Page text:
Approved by the FDA, they are refusing press requests to find out if the FDA knew of the reports, dating back to the mid-90s, that linked malignant tumors in mice and rats. Gee, I wonder why. In the meantime, while the Feds and VeriChip were essentially ignoring the cancer information, the chip received approval for implantation in humans. That’s just the beginning.
When the U.S. Food and Drug Administration approved implanting microchips in humans, the manufacturer said it would save lives, letting doctors scan the tiny transponders to access patients’ medical records almost instantly. The FDA found “reasonable assurance” the device was safe, and a sub-agency even called it one of 2005’s top “innovative technologies.”
But neither the company nor the regulators publicly mentioned this: A series of veterinary and toxicology studies, dating to the mid-1990s, stated that chip implants had “induced” malignant tumors in some lab mice and rats.
“The transponders were the cause of the tumors,” said Keith Johnson, a retired toxicologic pathologist, explaining in a phone interview the findings of a 1996 study he led at the Dow Chemical Co. in Midland, Mich…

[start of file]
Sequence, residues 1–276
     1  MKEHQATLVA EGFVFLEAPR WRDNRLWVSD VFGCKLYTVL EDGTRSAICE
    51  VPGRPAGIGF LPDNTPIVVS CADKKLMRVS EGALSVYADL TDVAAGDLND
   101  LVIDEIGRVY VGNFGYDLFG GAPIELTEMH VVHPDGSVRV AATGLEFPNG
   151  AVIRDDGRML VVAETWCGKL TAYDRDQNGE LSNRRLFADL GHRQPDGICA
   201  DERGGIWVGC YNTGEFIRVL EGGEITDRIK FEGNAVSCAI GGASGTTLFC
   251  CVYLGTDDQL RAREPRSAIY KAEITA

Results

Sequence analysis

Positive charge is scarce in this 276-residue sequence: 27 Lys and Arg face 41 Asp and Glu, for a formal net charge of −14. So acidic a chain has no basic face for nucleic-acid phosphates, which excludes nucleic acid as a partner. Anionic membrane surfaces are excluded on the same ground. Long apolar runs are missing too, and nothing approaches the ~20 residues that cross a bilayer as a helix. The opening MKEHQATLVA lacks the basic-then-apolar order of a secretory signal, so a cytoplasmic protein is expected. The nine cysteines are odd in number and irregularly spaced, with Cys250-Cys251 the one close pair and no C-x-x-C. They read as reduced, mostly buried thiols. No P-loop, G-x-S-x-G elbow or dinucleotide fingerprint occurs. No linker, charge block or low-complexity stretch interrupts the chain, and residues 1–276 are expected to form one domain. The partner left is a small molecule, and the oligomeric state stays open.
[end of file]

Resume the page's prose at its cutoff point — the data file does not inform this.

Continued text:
Did the agency know of the tumor findings before approving the chip implants? The FDA declined repeated AP requests to specify what studies it reviewed.
The FDA is overseen by the Department of Health and Human Services, which, at the time of VeriChip’s approval, was headed by Tommy Thompson. Two weeks after the device’s approval took effect on Jan. 10, 2005, Thompson left his Cabinet post, and within five months was a board member of VeriChip Corp. and Applied Digital Solutions. He was compensated in cash and stock options.
Thompson, until recently a candidate for the 2008 Republican presidential nomination, says he had no personal relationship with the company as the VeriChip was being evaluated, nor did he play any role in FDA’s approval process of the RFID tag.
“I didn’t even know VeriChip before I stepped down from the Department of Health and Human Services,” he said in a telephone interview.
Wired has coverage which details the calculated untruth of Thompson’s statement.
Thompson vigorously campaigned for electronic medical records and healthcare technology both as governor of Wisconsin and at HHS. While in President Bush’s Cabinet, he formed a “medical innovation” task force that worked to partner FDA with companies developing medical information technologies.
At a “Medical Innovation Summit” on Oct. 20, 2004, Lester Crawford, the FDA’s acting commissioner, thanked the secretary for getting the agency “deeply involved in the use of new information technology to help prevent medication error.” One notable example he cited: “the implantable chips and scanners of the VeriChip system our agency approved last week.”
Besides the apparent corruption oozing out of this story, I now have to decide if I want to have Sydney and Snoopy’s chips removed. If I knew of the cancer link at the time, I don’t know that I would have had them chipped in the first place.